Joe Chambers

Joe Chambers (born June 25, 1942 in Chester, Pennsylvania, United States)[1] is an American jazz drummer, pianist, vibraphonist and composer. He attended the Philadelphia Conservatory for one year.[2] In the 1960s and 1970s, Chambers gigged with many high-profile artists such as Eric Dolphy, Charles Mingus, Wayne Shorter, and Chick Corea.[3] During this period, his compositions appeared on some of the albums in which he made guest appearances, such as those with Freddie Hubbard and Bobby Hutcherson.[3] He has released eight albums as a bandleader and been a member of several incarnations of Max Roach's M'Boom percussion ensemble.[4]

Joe Chambers
Birth nameJoe Chambers
Born (1942-06-25) June 25, 1942 (age 79)
Chester, Pennsylvania, U.S.
GenresJazz
Occupation(s)Musician, composer
InstrumentsDrums, piano, vibraphone
Years active1963–present
LabelsMuse, Finite, Baystate, Blue Note, Savant

He has also taught, including at the New School for Jazz and Contemporary Music in New York City, where he leads the Outlaw Band.[5][6][7][8] In 2008, he was hired to be the Thomas S. Kenan Distinguished Professor of Jazz in the Department of Music at the University of North Carolina Wilmington.[9]

DiscographyEdit

As leaderEdit

  • 1973: The Almoravid (Muse, 1974)
  • 1976: New World (Finite, 1976)
  • 1977: Double Exposure (Muse, 1978)
  • 1981: New York Concerto featuring Yoshiaki Masuo (Baystate, 1981)
  • 1991: Phantom of the City (Candid, 1992) – live
  • 1995: Isla Verde with Trio Dejaiz (Paddle Wheel, 1995)
  • 1998: Mirrors (Blue Note, 1998)
  • 2002: Urban Groove (Eighty-Eight's, 2002)
  • 2005: The Outlaw (Savant, 2006)
  • 2009: Horace to Max (Savant, 2010)
  • 2012?: Joe Chambers Moving Pictures Orchestra (Savant, 2012)
  • 2015: Landscapes (Savant, 2016)
  • 2021?: Samba de Maracatu (Blue Note, 2021)

As sidemanEdit

With Franck Amsallem

With Chet Baker

With Donald Byrd

  • Mustang! (Blue Note, 1967) – recorded in 1964-66
  • Fancy Free (Blue Note, 1970) – recorded in 1969

With Chick Corea

With Stanley Cowell

With Miles Davis

With Art Farmer

  • Something Tasty (Baystate, 1979)

With Don Friedman

With Jimmy Giuffre

With Joe Henderson

With Andrew Hill

With Freddie Hubbard

With Bobby Hutcherson

  • Dialogue (Blue Note, 1965)
  • Components (Blue Note, 1966) – recorded in 1965
  • Happenings (Blue Note, 1967) – recorded in 1966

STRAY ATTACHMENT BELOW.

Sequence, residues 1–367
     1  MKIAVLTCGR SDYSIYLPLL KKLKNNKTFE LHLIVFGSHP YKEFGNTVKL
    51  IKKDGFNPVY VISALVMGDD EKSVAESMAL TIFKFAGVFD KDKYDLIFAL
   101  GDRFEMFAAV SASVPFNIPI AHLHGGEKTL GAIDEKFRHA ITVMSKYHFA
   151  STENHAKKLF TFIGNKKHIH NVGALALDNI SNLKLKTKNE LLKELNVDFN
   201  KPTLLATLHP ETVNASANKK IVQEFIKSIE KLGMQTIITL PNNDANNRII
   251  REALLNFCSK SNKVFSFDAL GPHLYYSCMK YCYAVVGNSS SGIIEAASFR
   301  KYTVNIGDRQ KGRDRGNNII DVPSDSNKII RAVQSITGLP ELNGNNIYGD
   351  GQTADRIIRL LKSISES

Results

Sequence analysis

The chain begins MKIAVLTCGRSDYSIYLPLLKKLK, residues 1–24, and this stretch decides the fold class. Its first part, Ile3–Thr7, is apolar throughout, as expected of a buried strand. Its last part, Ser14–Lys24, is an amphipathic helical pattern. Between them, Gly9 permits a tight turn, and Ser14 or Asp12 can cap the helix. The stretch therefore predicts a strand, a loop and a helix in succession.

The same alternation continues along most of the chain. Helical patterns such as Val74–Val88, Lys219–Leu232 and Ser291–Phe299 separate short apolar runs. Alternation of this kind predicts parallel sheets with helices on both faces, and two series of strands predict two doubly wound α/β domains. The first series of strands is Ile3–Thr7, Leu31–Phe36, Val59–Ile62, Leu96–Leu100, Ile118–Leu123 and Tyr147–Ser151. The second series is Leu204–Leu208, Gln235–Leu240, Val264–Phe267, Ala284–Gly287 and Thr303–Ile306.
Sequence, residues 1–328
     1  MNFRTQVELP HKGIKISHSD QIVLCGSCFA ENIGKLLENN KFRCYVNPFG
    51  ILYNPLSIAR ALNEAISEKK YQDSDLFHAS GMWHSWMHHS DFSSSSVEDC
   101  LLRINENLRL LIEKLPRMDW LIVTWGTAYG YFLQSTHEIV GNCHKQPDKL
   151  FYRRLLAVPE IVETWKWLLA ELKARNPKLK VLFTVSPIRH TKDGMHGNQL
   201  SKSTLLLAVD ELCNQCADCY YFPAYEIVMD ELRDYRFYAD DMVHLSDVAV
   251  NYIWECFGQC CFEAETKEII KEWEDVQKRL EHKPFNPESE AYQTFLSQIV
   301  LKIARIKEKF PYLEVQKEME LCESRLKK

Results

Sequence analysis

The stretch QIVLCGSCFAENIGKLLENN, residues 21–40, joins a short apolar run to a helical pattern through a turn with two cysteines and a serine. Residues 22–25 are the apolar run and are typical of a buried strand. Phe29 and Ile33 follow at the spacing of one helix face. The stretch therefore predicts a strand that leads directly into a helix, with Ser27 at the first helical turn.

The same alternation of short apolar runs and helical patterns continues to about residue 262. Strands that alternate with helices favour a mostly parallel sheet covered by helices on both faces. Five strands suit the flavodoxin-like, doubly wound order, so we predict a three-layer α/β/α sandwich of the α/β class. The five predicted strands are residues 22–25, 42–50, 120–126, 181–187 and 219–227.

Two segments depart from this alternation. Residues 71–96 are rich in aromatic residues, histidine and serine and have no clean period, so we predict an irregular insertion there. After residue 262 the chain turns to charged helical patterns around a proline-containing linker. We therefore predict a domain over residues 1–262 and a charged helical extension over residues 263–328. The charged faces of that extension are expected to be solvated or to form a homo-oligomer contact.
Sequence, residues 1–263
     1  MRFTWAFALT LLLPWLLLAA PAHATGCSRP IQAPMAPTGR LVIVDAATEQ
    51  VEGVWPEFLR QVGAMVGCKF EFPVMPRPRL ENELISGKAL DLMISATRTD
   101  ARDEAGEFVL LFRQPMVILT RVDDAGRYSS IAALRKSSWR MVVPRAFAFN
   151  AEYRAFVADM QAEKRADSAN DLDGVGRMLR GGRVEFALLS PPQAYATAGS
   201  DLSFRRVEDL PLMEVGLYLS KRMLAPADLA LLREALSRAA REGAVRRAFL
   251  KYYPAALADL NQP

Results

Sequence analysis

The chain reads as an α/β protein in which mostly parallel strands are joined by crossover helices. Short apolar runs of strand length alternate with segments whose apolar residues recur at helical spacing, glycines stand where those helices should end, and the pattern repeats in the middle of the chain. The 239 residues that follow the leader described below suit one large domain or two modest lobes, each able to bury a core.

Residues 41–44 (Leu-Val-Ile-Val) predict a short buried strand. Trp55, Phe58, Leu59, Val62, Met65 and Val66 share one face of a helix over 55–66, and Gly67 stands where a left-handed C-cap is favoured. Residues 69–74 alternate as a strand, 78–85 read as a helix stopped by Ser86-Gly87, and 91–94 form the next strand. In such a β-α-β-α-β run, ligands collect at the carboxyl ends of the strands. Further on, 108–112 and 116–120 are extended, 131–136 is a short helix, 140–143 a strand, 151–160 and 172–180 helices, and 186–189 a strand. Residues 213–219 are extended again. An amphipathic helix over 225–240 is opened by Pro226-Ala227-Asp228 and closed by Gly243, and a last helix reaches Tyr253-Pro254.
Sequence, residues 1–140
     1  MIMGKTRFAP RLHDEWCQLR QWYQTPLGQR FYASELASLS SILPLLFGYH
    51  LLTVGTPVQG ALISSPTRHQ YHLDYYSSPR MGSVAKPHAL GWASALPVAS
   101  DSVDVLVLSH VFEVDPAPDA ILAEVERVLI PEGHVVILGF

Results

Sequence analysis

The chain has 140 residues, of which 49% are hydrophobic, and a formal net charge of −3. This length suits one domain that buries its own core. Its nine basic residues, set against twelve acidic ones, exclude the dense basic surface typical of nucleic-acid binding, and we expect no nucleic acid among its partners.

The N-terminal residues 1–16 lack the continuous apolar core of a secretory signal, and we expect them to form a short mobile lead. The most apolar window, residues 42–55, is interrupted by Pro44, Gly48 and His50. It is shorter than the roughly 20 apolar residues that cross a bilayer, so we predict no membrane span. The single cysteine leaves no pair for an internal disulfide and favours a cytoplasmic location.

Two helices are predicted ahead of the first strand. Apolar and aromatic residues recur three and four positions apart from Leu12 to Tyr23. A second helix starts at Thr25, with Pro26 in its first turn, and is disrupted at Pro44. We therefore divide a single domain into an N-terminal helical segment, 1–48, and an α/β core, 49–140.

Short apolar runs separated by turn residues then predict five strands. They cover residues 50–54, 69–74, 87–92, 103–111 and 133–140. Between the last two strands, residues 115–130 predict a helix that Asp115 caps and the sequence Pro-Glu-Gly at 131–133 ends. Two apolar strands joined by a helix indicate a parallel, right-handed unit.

• Total Eclipse (Blue Note, 1969) – recorded in 1968
  • Now!, (Blue Note, 1970) – recorded in 1969
  • Oblique (Blue Note, 1979) – recorded in 1967
  • Spiral (Blue Note, 1979) – recorded in 1965-68
  • Patterns (Blue Note, 1980) – recorded in 1968
  • Medina, (Blue Note, 1980) – recorded in 1969
  • Blow Up, (JMY, 1969 released 1990)

With Robin Kenyatta

With Lee Konitz

With Hubert Laws

With Ray Mantilla

  • Mantilla (Inner City, 1978)

With M'Boom

With Charles Mingus

With Grachan Moncur III

  • Shadows, (Denon, 1977)

With Karl Ratzer

With Sam Rivers

  • Contours, (Blue Note, 1967) – recorded in 1965

With Jeremy Steig

With Woody Shaw

With Archie Shepp

With Wayne Shorter

With Heiner Stadler

With John Stubblefield

With Ed Summerlin

With The Super Jazz Trio

With Hidefumi Toki

  • City (Baystate, 1978)

With Charles Tolliver

  • Paper Man (Freedom, 1975) – recorded in 1968

With McCoy Tyner

With Miroslav Vitous

With Tyrone Washington

With Joe Zawinul

  • Zawinul (Atlantic, 1971) – recorded in 1970

ReferencesEdit

  1. ^ "Legendary jazz drummer and Chester native Joe Chambers returns to area Friday night". Delcotimes.com. Retrieved 8 July 2018.
  2. ^ "Joe Chambers Interview". Vermontreview.tripod.com. Retrieved 19 August 2021.
  3. ^ a b Colin Larkin, ed. (1992). The Guinness Encyclopedia of Popular Music (First ed.). Guinness Publishing. p. 450. ISBN 0-85112-939-0.
  4. ^ "Joe Chambers | Biography & History". AllMusic. Retrieved 19 August 2021.
  5. ^ "Jazz News: Joe Chambers and the Outlaw Band at The New School for Jazz and Contemporary Music February 28, 8:00 pm". 16 March 2006. Archived from the original on 2006-03-16. Retrieved 19 August 2021.
  6. ^ "untitled" (PDF). Archived from the original (PDF) on 2011-05-24. Retrieved 2007-06-29.
  7. ^ "Faculty Biographies – The New School for Jazz and Contemporary Music". Archived from the original on 2007-08-02. Retrieved 2007-06-29.
  8. ^ "School of Jazz | College of Performing Arts | The New School". Newschool.edu. Archived from the original on 5 August 2012. Retrieved 19 August 2021.
  9. ^ Welcome to University of North Carolina Wilmington News Archived 2008-09-23 at the Wayback Machine

External linksEdit